VA – Self Discovery For Social Survival

When word of this comp first came down, I mentioned that this was an ambitious undertaking, to say the least. That’s a bit of an understatement. In an age of shrinking profits its rare for a major to take on something this lofty, let alone a (rather largish) indie. Mexican Summer paired with Pilgrim Surf + Supply to send three groups of professional surfers, film crews, and a band to score each of the sessions as they were shot. The idea was for the bands to pick up the vibes of the day and translate them into accompaniment that completely absorbed the mood of the film. As far as an overarching goal, the soundtrack succeeds on all fronts, but better than that, it holds up on its own merits even if the listener isn’t also immersed in the film.

The first portion of the film sees US and Australian surfers travel to Mexico and with them in tow are the Allah-las. This trip is marked by amber-hued sun streaks. Everything seems a bit faded and worn-in. The Allah-las capture the ease of the session, laying back into a lounged vision of surf that’s classic and propulsive. They’re the kind of songs that could waft into the background and instantly ease a mood. There’s a feeling of communal living, irregular schedules, and a quiet cool that rumples itself into the notes. The scenes in the film are aided even further with the addition of titling and animation by Robert Beatty and Bailey Elder, who give this section a ’69-’72 timestamp that soaks into the seams along with the music.

From there the film transitions to The Maldives, with the majority of the segment taking place aboard a houseboat. The tones turn from sepia to crystal blue and with it the mood is given a lift out of the melt of Mexico. Peaking Lights add a dub shimmer to the section, half party, half hallucination. There’s an opulence to this portion, but not to the point of indulgence. It feels like a vacation – fleeting in truth, but forever in the moment. Peaking lights have moved away from their xeroxed dub roots and here they’re headed for more Arthur Russell territory. They give this portion its sense of detachment from reality, helping to freeze each pane into a picture of unattainable bliss.

While on the topic of otherworldly, the last section of the film takes the viewer to Iceland, a venue I’d never thought of as surf destination. Here Conan Mockasin and Andrew Vanwyngarden (MGMT) accompany a group that traverses the grey-streaked, mountain-strewn landscape. All the warmth of the previous sections is stripped away and, accordingly, Mockasin and Vanwyngarden give their songs an icy edge – lonesome, melancholic, half-remembered. Here the vistas almost outpace the surfing for attention, with scenes among the northern lights soundtracked by the pair’s psylocibin disco and light-touch folk feeling like a dream that couldn’t possibly have happened. There’s none of Mockasin’s usual twisted bravado. Instead the music is almost fragile – haunted and hollow at times. This trip and its tunes feel like a journey inward, not the communal experience of the other groups.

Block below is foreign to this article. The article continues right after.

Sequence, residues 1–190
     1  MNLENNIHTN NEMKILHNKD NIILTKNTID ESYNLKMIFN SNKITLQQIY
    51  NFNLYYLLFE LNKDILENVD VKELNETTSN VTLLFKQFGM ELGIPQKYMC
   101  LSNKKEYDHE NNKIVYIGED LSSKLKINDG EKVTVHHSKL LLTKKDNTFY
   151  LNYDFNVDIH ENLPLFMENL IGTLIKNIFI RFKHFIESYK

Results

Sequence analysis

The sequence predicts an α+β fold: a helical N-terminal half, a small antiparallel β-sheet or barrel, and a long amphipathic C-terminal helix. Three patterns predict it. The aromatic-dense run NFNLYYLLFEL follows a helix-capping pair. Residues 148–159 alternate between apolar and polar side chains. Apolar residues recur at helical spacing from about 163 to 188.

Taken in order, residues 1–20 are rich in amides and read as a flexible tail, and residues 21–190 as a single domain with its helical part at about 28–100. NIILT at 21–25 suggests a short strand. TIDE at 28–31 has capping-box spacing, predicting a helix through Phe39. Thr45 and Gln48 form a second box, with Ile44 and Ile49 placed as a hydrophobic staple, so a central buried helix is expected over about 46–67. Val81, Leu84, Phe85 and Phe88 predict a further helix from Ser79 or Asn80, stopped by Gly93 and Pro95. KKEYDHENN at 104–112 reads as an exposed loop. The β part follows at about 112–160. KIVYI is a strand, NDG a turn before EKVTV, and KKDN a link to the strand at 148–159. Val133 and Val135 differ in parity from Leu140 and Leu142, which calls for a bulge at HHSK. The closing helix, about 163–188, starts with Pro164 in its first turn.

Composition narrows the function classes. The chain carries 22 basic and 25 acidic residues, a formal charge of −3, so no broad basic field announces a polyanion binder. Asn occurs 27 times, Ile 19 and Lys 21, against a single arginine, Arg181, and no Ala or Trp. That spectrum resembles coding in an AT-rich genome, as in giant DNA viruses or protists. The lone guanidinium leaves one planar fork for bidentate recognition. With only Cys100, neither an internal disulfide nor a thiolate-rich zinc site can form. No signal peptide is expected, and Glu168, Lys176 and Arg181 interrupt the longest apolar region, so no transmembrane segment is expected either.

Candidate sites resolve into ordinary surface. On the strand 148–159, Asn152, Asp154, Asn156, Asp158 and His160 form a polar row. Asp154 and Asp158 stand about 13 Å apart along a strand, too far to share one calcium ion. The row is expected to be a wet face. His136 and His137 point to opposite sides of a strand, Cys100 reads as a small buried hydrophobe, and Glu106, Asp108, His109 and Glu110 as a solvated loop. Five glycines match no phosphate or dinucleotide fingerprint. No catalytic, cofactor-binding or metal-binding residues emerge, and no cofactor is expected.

The three main bands aren’t the only ones to hold sway over the soundtrack and film, though. Dungen give an especially inspired take for the title sequence that’s born out of their wistful psychedelia. It laps just slightly at the roots of surf, while essentially embracing its own genre. Transitions between sections are given an ambient fizz by Jefre Cantu-Ledesma, who evokes a submerged sound under lush animations, which are again provided by Elder and Beatty. Sadly, missing from the soundtrack is the offbeat wisdom and roadworn poeticism of Jonas Mekas, whose narration ties the film together with a non-sequitur sageness. It’s likely that you might not encounter the film, though I’d recommend it for surf aficionados or unfamiliar friends alike.

Even without its visual partner, the soundtrack exhales ease, hope, sadness, solace. As a counterpoint to the film its pretty perfect, but it’s a great mood lifter on its own merits. As I mentioned, they don’t make projects like this anymore, might as well enjoy when someone goes all in for you. It’s somewhat telling that the label has reissued the score to Andrew Kidman’s Litmus, Self Discovery for Social Survival acts as a spiritual successor to that film and its unique accompaniment. Often hailed as the best surf film of its generation, the label has seemingly done the same for the the 21st Century. In this, they’ve created their own Litmus.


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